Money out, Money in: Candidates return money to city contractors, then their owners give

Albuquerque bans contributions to candidates for elective office from businesses or individuals who make money from city contracts, but that doesn’t prevent owners of those companies from giving to candidates in a different way. The practice is on stark display in a recent campaign report filed by mayoral candidate Brian Colón, who returned contributions from several companies with city contracts on September 12 and then accepted contributions from the owners of those companies about a week later. This story originally appeared on the New Mexico In Depth website and is reprinted with permission. Owners are allowed to give as individuals or through other companies they own. In his report filed September 22, Colón showed he had returned contributions from contractors identified previously to him by KOB Channel 4, reported by KOB on September 19.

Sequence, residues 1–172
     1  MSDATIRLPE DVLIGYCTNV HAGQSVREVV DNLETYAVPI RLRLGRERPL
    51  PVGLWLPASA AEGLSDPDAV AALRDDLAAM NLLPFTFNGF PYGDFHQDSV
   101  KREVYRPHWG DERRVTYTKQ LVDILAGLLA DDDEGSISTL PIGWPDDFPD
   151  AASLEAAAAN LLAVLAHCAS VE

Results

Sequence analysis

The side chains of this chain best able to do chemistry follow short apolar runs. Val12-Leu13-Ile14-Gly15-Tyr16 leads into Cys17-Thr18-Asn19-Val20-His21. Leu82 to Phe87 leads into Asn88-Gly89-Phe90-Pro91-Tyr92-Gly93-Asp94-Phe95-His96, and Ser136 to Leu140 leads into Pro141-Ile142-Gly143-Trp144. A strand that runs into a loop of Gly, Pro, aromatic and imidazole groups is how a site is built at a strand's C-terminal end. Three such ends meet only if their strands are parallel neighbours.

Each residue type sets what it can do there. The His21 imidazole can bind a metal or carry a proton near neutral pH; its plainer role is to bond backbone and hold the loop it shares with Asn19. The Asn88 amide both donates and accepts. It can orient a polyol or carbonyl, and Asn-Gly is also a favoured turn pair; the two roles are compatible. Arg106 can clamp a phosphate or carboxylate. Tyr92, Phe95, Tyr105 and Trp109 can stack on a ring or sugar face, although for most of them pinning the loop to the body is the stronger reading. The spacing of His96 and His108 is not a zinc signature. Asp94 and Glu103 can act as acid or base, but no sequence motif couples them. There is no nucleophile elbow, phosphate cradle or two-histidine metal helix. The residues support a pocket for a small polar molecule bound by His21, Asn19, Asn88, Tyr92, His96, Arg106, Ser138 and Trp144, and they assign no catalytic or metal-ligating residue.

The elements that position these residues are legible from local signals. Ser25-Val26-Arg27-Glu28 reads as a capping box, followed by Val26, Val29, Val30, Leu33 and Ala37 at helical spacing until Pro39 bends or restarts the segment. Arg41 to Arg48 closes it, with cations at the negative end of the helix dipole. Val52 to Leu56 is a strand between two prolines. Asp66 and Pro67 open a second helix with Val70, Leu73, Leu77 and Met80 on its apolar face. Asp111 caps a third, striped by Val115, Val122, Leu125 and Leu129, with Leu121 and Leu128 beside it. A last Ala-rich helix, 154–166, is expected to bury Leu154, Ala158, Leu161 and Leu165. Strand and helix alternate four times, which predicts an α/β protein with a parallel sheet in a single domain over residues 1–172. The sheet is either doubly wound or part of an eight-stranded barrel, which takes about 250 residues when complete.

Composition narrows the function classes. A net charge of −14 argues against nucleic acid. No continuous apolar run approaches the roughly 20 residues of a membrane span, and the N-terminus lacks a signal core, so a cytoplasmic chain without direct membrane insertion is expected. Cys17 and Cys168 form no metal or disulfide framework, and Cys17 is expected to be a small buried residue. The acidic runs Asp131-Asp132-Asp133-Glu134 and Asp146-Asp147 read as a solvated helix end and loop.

Burning questions linger about legalizing marijuana in ABQ

In less than a week, Albuquerque voters will cast ballots for the next mayor and in some districts, city councilors. Most candidates have straightforward ideas on how to improve the city, but one candidate is keeping true to his campaign modus operandi by proposing an idea that other candidates won’t even consider. Gus Pedrotty, the youngest candidate for mayor this year, recently added city-level marijuana legalization to his platform. While the idea of legalization on a local level may be enticing for some voters, other candidates and at least one cannabis producer said the idea is too complicated to work. Earlier this month, Pedrotty released a campaign video promoting his ideas for improving the city’s clean energy industry and how to help pay for it.